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TW: Mental health, suicidal thoughts
I’ve made it another year! Today, I turn twenty-three.
One year ago, on my last birthday, I was majorly depressed and very unwell from hypothyroidism. It was on my birthday that I decided to rid myself of ‘friends’ who were failing to be good friends to me, for the sake of my mental health and ability to get better.
I was suicidal and I think I struggled to smile all day. To be honest, the day is a bit of a blur in my mind because I was so ill, physically and mentally.
I can’t believe a year has passed.
In one way thing, it’s gone soooo fast. I can’t believe the progress and how much I’ve grown in that time. The difference between who I am today and who I was one year ago is astonishing. Secondly, as well as it going by quickly, a lot has also happened in that time which makes it hard to believe it’s been only a year.
This year, I’ll be able to enjoy my birthday without gritting my teeth all day in anguish. I’ll be able to actually walk without every step taking every ounce of energy left in my body. I’ll be able to enjoy it as me. Not a shell of who I once was, like last year.
A lot can happen in a year.
What has changed for you in the last year?
The book Be Your Own Thyroid Advocate: When You’re Sick and Tired of Being Sick and Tired, which builds on this article in detail. Learn how I reclaimed my thyroid healthy life after hypothyroidism and Hashimoto’s devastated it.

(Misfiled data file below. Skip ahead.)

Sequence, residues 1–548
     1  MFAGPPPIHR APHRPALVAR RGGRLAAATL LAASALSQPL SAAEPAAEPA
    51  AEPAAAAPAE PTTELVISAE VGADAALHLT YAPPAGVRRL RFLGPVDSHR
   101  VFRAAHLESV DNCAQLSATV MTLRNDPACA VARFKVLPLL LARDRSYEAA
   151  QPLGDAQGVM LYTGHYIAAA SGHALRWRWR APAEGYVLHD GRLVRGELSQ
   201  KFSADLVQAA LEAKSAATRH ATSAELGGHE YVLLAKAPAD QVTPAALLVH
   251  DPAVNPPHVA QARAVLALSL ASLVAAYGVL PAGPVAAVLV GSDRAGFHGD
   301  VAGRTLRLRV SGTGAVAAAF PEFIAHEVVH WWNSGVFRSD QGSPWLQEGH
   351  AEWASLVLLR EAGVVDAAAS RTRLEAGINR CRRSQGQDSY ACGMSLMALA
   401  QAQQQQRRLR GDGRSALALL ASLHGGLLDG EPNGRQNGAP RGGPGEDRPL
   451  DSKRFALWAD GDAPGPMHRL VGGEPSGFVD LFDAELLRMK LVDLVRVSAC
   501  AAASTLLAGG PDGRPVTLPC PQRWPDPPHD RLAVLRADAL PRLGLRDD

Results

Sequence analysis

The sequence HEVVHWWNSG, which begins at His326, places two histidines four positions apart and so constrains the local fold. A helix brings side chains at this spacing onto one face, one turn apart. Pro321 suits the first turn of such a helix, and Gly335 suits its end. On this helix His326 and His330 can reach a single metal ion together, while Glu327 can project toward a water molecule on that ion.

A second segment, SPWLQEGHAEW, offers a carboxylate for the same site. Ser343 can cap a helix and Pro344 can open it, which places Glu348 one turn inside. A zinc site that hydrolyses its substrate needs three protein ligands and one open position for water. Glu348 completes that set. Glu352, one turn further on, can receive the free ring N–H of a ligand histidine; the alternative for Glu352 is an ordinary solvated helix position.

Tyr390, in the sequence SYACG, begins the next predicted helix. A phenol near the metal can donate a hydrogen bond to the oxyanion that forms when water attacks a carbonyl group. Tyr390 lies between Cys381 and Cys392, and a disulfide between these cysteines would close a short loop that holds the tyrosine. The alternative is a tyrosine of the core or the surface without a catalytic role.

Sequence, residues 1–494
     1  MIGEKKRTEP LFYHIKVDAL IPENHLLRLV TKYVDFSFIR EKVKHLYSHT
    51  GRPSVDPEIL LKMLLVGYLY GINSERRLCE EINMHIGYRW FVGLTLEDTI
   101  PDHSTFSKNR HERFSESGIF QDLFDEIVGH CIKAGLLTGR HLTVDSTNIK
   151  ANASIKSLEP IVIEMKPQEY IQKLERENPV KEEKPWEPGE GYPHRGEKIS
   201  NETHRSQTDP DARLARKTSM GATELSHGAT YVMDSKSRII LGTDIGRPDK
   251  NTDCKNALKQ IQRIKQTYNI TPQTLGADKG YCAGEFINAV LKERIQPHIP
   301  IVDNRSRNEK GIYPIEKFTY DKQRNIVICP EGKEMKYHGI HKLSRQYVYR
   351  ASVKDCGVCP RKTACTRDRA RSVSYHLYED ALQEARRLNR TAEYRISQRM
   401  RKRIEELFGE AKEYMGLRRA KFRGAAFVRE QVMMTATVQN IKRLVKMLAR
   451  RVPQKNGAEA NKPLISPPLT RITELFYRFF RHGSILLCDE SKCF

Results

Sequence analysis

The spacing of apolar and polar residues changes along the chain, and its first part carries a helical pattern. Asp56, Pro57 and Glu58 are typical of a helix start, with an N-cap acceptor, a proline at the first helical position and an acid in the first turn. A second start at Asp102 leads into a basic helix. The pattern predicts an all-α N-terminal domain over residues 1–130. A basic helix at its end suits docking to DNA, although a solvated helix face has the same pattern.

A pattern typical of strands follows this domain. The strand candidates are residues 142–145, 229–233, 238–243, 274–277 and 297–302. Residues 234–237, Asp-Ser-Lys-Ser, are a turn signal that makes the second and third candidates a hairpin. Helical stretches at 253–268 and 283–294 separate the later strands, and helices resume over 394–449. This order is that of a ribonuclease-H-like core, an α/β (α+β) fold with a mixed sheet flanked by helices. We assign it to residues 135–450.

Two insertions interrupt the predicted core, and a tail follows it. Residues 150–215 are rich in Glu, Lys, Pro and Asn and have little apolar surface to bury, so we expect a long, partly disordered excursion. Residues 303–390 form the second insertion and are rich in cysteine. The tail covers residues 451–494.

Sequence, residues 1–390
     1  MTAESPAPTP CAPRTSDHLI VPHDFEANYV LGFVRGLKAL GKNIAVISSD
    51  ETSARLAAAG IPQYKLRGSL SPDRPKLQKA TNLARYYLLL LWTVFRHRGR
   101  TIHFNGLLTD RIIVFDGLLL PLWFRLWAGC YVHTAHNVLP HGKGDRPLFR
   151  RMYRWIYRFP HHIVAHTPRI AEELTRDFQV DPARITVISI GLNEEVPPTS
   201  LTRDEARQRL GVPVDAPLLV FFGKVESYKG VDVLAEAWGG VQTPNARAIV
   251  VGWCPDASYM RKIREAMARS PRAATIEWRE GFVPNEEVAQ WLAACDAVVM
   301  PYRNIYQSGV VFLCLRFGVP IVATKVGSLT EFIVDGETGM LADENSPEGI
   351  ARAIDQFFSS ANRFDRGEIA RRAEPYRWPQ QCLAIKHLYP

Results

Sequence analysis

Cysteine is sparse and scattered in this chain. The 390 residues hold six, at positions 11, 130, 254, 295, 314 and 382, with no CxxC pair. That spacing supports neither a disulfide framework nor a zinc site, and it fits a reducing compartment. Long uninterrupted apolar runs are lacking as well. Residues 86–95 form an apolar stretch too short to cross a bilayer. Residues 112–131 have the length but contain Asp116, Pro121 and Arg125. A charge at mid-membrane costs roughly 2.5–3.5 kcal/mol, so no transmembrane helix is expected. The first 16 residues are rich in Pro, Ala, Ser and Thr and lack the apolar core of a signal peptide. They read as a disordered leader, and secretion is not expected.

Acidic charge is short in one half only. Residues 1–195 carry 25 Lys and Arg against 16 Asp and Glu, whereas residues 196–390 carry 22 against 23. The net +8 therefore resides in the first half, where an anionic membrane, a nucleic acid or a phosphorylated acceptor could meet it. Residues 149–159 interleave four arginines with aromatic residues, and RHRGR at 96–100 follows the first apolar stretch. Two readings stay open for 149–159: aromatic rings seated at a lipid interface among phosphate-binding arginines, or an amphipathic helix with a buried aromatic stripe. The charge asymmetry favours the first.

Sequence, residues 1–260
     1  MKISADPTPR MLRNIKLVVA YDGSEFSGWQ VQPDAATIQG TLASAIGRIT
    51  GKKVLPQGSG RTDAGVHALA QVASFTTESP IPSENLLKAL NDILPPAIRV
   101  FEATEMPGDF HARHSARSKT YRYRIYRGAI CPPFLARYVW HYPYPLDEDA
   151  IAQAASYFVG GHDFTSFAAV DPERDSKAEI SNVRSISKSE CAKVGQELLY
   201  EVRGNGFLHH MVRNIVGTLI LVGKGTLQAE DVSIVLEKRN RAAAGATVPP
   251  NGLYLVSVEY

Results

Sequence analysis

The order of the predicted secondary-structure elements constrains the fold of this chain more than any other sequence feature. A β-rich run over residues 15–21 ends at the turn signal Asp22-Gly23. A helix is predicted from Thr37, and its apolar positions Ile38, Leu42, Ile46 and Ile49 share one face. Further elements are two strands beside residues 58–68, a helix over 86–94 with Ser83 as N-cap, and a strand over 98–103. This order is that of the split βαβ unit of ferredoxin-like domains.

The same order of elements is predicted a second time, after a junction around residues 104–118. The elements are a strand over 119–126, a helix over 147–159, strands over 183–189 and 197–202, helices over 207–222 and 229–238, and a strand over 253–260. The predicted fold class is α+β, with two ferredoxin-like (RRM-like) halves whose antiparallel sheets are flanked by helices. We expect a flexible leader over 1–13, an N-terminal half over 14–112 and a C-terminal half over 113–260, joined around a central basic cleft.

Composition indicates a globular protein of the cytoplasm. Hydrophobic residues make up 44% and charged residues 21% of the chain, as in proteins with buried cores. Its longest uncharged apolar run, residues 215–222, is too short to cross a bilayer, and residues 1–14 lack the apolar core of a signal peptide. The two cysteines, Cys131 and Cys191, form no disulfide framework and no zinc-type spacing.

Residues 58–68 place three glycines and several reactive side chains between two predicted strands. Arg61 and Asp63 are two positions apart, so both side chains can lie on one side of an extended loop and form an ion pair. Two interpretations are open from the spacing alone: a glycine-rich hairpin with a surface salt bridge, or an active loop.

Rachel Hill is the highly ranked and multi-award winning thyroid patient advocate, writer, blogger, speaker and author behind The Invisible Hypothyroidism. She has two books: ‘Be Your Own Thyroid Advocate‘ and ‘You, Me and Hypothyroidism‘. Her thyroid advocacy work includes authoring books, writing articles, blogging and speaking on podcasts, as well as being a board member for The American College of Thyroidology. Rachel has worked with The National Academy of Hypothyroidism, BBC, The Mighty, Yahoo, MSN, ThyroidChange and more. She is well-recognised as a useful contributor to the thyroid community and has received multiple awards and recognitions for her work and dedication. Rachel is British, but advocates for thyroid patients on a global scale.